On Thursday, the Senate passed a flawed bill to update the federal chemical safety law, the 1976 Toxics Substance Control Act (TSCA), unanimously approved on a voice vote. The language of the legislation is an updated version of the Senate bill, S.697 (the “Udall/Vitter bill”). The House passed its own version this summer. The next phase of the process is a conference committee between House and Senate to reconcile the differences between the two bills.

Congress has its work cut out for it as lawmakers negotiate the final bill language. The current TSCA law is notoriously ineffective, and we need real reform to protect public health from toxic chemicals. While improved from their original versions, neither the House nor Senate bill is strong enough, and both bills contain some dangerous flaws.

Andy Igrejas, Director of Safer Chemicals, Healthy Families, a 450-member coalition dedicated to TSCA reform, had the following statement on passage of the Senate bill: “Though improved, the legislation still has major problems. For example, it weakens EPA’s ability to intercept imported products, like most of the toys under your Christmas tree, when they contain a known toxic chemical. If reform is going to be credible, tricky, sneaky provisions like this will have to be removed. Luckily, it is not too late. When Congress reconciles the House and Senate versions, they should focus on the fundamentals of reform and simply empower and direct EPA to identify and restrict toxic chemicals.”

And Daniel Rosenberg, senior Attorney in the Health and Environment Program at the Natural Resources Defense Council said, “Although the Senate bill has improved over time, it still has significant flaws that must be fixed in conference. As the bill moves forward, Congress should ensure that the final legislation marries the best aspects of the Senate and House bills and drops the worst.”

In the conference process, Congress should change or eliminate the following problems in the Senate bill:


  • States will be blocked from protecting their citizens from dangerous chemicals, even before the federal government has taken action, potentially delaying urgent public health interventions.
  • The bill makes it more difficult for EPA to identify and intercept imported products containing a toxic chemical.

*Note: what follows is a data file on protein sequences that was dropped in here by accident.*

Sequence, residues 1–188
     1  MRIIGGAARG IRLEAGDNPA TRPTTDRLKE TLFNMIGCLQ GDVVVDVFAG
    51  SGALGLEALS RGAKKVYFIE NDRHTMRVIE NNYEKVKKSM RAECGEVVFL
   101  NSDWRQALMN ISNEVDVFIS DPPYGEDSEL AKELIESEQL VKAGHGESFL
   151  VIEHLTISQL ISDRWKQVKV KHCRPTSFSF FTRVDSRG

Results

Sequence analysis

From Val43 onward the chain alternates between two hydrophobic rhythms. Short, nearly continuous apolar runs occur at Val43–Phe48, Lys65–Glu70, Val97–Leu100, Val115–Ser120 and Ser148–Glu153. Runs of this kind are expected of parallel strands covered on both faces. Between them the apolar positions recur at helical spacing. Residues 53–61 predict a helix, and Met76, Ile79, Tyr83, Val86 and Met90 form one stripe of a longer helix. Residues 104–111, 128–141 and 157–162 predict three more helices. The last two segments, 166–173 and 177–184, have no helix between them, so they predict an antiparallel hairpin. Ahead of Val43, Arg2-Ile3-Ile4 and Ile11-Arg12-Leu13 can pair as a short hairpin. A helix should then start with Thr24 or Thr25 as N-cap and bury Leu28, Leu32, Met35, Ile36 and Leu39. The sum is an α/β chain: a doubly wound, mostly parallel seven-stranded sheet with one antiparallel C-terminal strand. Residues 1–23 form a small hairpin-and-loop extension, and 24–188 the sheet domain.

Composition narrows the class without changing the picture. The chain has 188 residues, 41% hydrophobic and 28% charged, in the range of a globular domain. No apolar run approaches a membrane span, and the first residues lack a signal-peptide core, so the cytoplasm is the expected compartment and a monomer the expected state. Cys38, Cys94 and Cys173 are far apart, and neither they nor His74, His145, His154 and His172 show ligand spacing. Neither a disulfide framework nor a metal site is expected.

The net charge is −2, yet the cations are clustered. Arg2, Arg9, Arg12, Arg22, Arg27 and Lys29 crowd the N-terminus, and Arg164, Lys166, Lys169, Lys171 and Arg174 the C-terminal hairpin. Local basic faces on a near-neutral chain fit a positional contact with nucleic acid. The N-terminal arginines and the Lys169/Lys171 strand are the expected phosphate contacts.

• The “low priority” category requires EPA to greenlight some chemicals without a thorough safety review.
  • There are numerous requirements placed on EPA at industry’s behest that divert scarce resources from the core purpose of identifying and restricting chemicals that cause harm.

The primary law currently responsible for ensuring chemicals are safe — the original Toxic Substances Control Act — was passed in 1976 and is long overdue for an update. The law is so weak that the EPA has only been able to require testing on less than 2 percent of the more than 80,000 chemicals that have been on the market at some point since TSCA was adopted. Of those that have been studied, approximately 1,400 chemicals with known or probable links to cancer, asthma, developmental disorders, reproductive impacts and other health problems are still in use today.

Our weak and outdated chemical law has led to widespread exposure to hazardous chemicals in our homes, schools and plaes of work and through the products we use every day. The more we learn about the cost of toxic chemicals to our health, the more critical it becomes to strengthen regulation.

In the absence of federal protection, states have stepped up as best they can. Many states, like California, Maryland, Washington, and Minnesota, have passed important laws that protect their citizens from toxic chemicals. The Senate bill, as passed, would seriously limit states’ ability to restrict dangerous chemicals that threaten the health of our families and communities.

We need national reform. States do not have the necessary resources to test and regulate the tens of thousands of chemicals on the market. It may be a tough needle to thread, but we can provide greater protection for our health and safety, while also providing the regulated industry with a rational and predictable system. And until we have a strong national policy, states must retain the ability to protect their citizens.

As Congress debates the best way forward to reconcile the bills, I hope members will consult our leading experts in medicine and science, as well as families and communities who have dealt with the often devastating health impacts of toxic chemical exposure. Chemical industry lobbyists will continue to push for lax timelines, loopholes for imported products, poor enforcement, limited state regulation, and continued use of chemicals we know to cause enormous harm.

Policymakers who care about the health and safety of American citizens must continue to advocate for true reform.